Panzano: Yeah, actually I do… I love travelling, I consider that a hobby. I love trying new foods I’ve never had before; it’s not really a hobby so much, but it’s gaining new experiences. In terms, of like, things I do… I’m a nerd. I play video games and I have no shame in saying that. I used to be a drummer; I haven’t done that in a long time, but I was a percussionist for 13 years. Also, learning how to cook new foods, I need to learn how to cook more stuff…  but I guess in terms of hobbies, mostly video games, so I can relate to people. And also, I’ve really gotten into reading again; in college I didn’t get a lot of time to read, because there was a lot of other stuff going on, you know. So I rediscovered reading and going to the beach, and meditation too.

FOP: What were you like in high school?

Panzano: Band nerd, obviously. I was, for the most part… a good student. I’m not gonna lie and say that I was a perfect student, I could have applied myself more. But, in terms of who I was, I was always looking for leadership opportunities. I was president of NHS, I was drum captain; but I was also cocky. I mean, it is what it is, arrogance. My freshmen would say that I am now too, but that’s just how they see me because of the level of subject we’re at and they sort of go, ‘oh okay, he’s just having conversation’ and I have to meet them at that level. So yeah, cocky band nerd, with a giant head of hair; and just… you know, awkward, quirky, just like everyone.

FOP: Were you lazy?

Panzano: Ha, depends on your definition of the word. Did I procrastinate? Yes. Do I recommend it? Absolutely not. But, I was never lazy in that; I felt bothered if I didn’t do homework. So, I always tried to make an effort to do the best I could; even if I didn’t finish it, in my mind I knew that I accomplished some of it, so I felt better about it. But, I also didn’t blame others, if I didn’t do it. Because, I would do my math homework by the streetlight, waiting for my parents to pick me up from band practice. Because I knew if I loved band, I have to do this homework at night, like that’s just how it was. I didn’t think “Why did my teacher give me so much homework?” It was just “Oh, I guess I gotta do this.”

FOP: Do you have any tips for us students?

Panzano: Um, take a step back sometimes and look at the bigger picture. You know, sometimes the things that you guys stress about, that we all stress about are not that big of a deal in the long wrong. So, sometimes that gives you perspective if you just take a step back and go “Okay, how much is this really affecting my life right now?” And that could be like, a relationship with someone, and even just, if you didn’t do two problems on your math homework or something like that, something that would bother people. But if you’re giving a hundred and ten percent, whatever that defines for you… then you should feel successful. And, if you know you can do better, I would say, honestly, that’s why you should respect your teachers, because they’ve been through it and they know what to do. I think it’s a communication problem. Some people think of me as like a totalitarian dictator, and others see me for what I’m really trying to do. But, I can’t ever have both at the same time. So… I would just say take a step back sometimes, look at the bigger picture and go “Is this just a speedbump in the road of life?” Because, I think people would feel a little bit better about some of those things when you do.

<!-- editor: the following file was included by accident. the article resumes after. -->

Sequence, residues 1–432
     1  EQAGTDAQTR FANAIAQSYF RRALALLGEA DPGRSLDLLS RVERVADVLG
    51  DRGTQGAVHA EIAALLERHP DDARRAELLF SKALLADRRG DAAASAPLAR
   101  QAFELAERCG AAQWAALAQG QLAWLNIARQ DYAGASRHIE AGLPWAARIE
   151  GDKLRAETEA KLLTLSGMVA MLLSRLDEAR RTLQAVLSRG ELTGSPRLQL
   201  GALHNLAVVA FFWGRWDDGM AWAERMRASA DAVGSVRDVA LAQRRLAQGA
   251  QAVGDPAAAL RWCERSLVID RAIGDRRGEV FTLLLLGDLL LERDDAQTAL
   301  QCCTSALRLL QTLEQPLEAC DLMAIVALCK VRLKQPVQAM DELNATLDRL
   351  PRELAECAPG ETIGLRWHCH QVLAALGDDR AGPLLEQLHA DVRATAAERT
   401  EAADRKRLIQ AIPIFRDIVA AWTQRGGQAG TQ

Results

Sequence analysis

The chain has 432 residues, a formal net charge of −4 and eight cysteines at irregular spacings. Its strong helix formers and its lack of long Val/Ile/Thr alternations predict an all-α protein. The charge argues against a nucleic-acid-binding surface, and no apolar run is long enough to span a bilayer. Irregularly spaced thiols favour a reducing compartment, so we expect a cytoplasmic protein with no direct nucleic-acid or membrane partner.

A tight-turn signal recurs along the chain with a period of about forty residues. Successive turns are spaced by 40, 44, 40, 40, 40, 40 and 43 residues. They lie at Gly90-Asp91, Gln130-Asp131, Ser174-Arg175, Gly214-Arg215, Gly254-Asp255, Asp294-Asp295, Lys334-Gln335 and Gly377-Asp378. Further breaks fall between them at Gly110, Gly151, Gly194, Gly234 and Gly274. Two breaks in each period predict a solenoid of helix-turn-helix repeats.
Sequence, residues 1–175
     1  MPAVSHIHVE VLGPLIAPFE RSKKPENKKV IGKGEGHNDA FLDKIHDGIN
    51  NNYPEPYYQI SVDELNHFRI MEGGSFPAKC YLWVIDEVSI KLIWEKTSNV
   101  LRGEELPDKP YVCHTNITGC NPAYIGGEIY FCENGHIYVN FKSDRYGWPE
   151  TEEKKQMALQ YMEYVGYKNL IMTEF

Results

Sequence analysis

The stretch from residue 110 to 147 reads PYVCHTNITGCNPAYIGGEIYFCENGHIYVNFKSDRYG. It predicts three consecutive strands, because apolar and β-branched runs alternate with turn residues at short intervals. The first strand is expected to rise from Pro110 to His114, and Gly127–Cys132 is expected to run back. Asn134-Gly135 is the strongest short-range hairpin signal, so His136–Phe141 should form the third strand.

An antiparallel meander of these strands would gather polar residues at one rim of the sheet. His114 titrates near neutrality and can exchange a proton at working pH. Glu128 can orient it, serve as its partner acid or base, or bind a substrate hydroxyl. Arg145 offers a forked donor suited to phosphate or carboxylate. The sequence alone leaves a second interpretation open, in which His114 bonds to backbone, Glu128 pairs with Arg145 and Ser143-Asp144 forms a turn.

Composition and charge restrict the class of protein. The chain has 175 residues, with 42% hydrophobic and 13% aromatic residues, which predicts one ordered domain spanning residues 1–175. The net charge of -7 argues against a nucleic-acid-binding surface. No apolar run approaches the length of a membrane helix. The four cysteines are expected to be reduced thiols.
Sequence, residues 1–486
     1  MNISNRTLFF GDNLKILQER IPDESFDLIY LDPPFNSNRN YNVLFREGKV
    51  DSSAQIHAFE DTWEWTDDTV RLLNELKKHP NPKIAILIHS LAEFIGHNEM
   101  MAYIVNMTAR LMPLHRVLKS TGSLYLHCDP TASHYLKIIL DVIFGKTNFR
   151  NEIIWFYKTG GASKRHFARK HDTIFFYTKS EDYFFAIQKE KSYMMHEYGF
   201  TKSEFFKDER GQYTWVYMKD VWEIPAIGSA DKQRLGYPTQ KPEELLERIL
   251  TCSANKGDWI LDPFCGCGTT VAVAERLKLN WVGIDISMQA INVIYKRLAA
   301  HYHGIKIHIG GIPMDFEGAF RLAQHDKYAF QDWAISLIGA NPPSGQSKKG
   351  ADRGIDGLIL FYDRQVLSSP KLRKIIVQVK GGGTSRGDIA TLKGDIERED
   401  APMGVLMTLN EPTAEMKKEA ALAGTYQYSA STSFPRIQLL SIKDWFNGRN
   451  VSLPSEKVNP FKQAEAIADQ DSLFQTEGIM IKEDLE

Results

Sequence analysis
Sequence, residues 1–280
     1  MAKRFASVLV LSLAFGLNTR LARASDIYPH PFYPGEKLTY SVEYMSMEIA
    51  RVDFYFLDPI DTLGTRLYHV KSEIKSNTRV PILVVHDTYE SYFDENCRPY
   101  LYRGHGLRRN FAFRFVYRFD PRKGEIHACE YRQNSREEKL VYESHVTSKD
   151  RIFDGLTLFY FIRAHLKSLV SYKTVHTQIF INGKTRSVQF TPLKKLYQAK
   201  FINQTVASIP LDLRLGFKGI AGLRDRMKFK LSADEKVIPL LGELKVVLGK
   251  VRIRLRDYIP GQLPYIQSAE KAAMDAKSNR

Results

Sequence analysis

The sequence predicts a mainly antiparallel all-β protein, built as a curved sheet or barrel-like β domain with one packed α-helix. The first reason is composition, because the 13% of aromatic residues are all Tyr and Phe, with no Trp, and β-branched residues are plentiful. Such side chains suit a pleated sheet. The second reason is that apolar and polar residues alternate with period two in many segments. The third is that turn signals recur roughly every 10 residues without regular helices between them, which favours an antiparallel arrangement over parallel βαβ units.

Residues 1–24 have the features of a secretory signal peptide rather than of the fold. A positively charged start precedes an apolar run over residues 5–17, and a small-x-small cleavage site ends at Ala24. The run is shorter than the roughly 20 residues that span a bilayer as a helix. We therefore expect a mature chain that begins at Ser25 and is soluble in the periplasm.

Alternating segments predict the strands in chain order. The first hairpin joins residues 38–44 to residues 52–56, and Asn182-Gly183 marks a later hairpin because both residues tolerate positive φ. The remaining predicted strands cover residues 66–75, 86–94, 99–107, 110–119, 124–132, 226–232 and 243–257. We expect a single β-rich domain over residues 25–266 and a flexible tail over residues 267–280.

FOP: Okay, random question– Are you a hunter or a gatherer?

Panzano: In terms of food? I’d like to think I’m a hunter, but I’m really a gatherer.

FOP: Any reason why?

Panzano: Umm, if it’s just food, I want to be able to say that I know how to catch a raw fish and cook it, skin it and all that. When really, I’d be a gatherer, in that, the things that I know that I could eat, that are edible that I would be satisfied with that, because I’m focused on other things. But if you’re talking about hunter-gatherer in terms of trying to get them the best scores as possible on the AP test… I’m a hunter. I’m always hunting for new things and stuff to do, versus just sort of like gathering what other people have done and making it my own. It depends on how deep the metaphor goes, haha.